When leaving an employer, it is best to make a graceful exit, no matter how much you dislike your supervisor, peers or the company. Doing so is best for your reputation in the long term — you never know who you might cross paths with in the future.
Here's what to bear in mind:
Before you submit a formal resignation letter, have a talk with your supervisor. Explain your reasons for leaving and reassure him that you will make the transition as smooth as possible. Also agree on how much notice you should provide. In most cases, the proper response from your supervisor should be to wish you luck and to offer you any help you might need.
In some instances, your supervisor or others in your company might react badly to your resignation. They might behave rudely and display inappropriate behaviour.
Sometimes they might try to make you feel guilty about leaving. Remember, you are not doing anything wrong by leaving the company and there is no reason to feel guilty. Also keep in mind that such a reaction is not good practice. Maintain your composure and be graceful in your exit, even if your employer is not.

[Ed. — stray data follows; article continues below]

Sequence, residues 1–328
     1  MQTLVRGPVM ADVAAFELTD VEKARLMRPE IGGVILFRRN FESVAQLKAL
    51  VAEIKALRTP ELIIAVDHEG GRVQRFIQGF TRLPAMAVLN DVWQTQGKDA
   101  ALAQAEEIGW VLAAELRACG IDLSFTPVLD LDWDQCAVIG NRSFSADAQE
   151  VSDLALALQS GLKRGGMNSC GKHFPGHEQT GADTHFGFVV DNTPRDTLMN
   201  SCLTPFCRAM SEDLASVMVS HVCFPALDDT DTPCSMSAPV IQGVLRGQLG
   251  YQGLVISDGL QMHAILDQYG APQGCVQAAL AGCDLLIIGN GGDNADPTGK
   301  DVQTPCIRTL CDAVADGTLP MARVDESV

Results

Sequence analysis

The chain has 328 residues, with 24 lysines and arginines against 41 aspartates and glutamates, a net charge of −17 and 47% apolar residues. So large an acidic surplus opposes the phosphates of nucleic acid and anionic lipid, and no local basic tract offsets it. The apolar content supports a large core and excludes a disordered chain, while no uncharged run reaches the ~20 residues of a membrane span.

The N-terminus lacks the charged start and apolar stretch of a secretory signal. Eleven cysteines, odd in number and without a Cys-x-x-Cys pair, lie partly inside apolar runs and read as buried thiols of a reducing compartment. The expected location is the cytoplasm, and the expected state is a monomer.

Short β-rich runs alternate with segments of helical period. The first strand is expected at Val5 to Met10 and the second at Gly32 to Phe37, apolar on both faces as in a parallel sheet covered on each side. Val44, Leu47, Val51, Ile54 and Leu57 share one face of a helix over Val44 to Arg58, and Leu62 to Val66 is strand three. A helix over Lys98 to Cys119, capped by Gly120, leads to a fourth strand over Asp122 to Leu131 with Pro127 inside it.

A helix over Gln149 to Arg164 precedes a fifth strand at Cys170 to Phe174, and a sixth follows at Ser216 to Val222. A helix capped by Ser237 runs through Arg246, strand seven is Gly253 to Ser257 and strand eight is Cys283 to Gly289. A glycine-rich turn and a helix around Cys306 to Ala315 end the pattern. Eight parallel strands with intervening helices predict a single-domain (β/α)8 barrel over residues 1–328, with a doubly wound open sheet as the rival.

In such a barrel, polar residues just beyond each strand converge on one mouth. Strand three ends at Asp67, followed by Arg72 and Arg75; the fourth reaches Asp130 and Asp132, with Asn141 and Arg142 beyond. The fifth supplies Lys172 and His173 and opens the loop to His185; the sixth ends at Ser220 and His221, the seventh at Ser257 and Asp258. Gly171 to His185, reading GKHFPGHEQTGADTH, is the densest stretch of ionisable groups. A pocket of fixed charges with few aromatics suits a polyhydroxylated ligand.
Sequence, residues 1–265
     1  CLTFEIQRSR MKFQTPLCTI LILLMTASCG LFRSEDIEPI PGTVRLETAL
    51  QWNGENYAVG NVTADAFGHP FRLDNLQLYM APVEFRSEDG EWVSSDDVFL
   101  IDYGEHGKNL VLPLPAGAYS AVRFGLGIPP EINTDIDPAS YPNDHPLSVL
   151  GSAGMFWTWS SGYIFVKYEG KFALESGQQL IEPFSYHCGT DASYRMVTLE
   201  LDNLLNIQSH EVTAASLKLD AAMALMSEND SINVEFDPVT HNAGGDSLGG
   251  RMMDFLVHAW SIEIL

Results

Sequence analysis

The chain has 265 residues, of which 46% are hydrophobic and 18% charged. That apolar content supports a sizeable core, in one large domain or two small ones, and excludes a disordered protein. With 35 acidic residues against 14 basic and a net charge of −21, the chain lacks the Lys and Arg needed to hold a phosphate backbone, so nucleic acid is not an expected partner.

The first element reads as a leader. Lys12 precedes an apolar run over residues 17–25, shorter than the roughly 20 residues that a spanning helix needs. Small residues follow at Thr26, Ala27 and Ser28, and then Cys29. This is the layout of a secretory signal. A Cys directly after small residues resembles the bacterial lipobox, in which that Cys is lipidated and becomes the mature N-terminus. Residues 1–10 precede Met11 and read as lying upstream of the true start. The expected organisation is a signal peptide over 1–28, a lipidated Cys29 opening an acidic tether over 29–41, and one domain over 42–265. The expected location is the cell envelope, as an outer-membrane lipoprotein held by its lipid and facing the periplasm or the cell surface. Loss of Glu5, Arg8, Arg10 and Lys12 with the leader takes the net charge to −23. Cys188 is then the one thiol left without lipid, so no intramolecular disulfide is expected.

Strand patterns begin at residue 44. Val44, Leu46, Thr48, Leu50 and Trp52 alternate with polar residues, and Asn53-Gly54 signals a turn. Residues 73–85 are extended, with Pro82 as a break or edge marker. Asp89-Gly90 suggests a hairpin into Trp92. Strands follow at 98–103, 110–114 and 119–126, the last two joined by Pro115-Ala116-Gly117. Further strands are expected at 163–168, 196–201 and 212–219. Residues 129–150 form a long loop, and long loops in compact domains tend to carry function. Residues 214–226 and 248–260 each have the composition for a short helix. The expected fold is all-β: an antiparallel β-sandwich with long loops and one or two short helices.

Check your employment contract and company policy to have a clear idea of what formalities need to be taken care of. You should be clear on your expected entitlements, such as expense claims, unused vacation/sick leave and other benefits you should receive. For many of these, you will typically receive monetary compensation on a pro-rated basis.
Get in touch with your human resource department and give them a formal resignation letter. Make sure to mention your last day of work and to request them to confirm the formalities you need to go through and to also confirm your entitlements/dues.
Try to spend your last days in the company as though you were not leaving. In other words, keep your work standard at the same level and as far as possible, complete all outstanding assignments.
Avoid burning any bridges and maintain good relations with people at work. Get the contact details of people whom you want to stay in touch with and maintain as part of your network.
Your employer might say that it does not want to lose you and is willing to provide sweeteners (such as a better salary or change of role/job scope). In this case, it is recommended to only take the offer if you think it is very lucrative or attractive.
Research has shown that people who accept their company’s counter offer typically leave within a year (or might be asked to leave as well). This is because although you stay back, you have made it clear to your employer that you are not committed to the organisation — and you may not get the assignments and opportunities you want.